Sutherland made it clear that he is trying to show people up close the effects of deportation through a humanized, real-life portrayal. He stated that the film will allow for people to reevaluate their preexisting beliefs, and, throughout the film, the conclusions that people may jump to in the beginning of the film may be proven false by the end. For example, at the start of the film, Marcos can be seen as a rough, severe man, but, as Sutherland explained, “you learn as the film goes along, he’s more emotional … You’re forced to change some opinions if you judged him by [looks].”

However, Sutherland emphasized that he is not attempting to tell viewers how to feel about the characters, nor is he telling viewers what specific conclusions to draw. Instead, he wants audiences to use their own agency to draw conclusions and opinions about the events and the characters of the film.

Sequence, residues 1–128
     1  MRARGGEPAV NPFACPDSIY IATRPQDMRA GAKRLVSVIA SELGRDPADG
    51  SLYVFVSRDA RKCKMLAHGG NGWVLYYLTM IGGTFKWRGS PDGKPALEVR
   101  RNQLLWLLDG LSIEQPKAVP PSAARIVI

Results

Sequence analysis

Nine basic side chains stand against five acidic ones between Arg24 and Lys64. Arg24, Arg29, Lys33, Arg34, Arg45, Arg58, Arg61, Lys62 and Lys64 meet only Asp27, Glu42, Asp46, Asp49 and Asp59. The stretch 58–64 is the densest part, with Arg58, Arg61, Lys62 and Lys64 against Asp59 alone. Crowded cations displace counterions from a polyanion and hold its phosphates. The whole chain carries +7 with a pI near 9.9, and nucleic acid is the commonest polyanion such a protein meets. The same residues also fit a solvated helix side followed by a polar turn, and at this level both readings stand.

“It’s up to you to decide what you think of them. I’m not telling you what to think,” Sutherland said.

The film itself feels appropriate in 2019. With immigration and deportation being one of the most pressing political issues in the United States, “Marcos Doesn’t Live Here Anymore” provides a human face to the news stories we hear almost every day, and it forces us to grapple with the human impact of such issues.

“Marcos Doesn’t Live Here Anymore” plays Thursday, Feb. 28 at 6 p.m. in Tisch 104, featuring director David Sutherland. The film, co-produced by Frontline, IndependentLens and Voces debuts to the public on April 15 on PBS.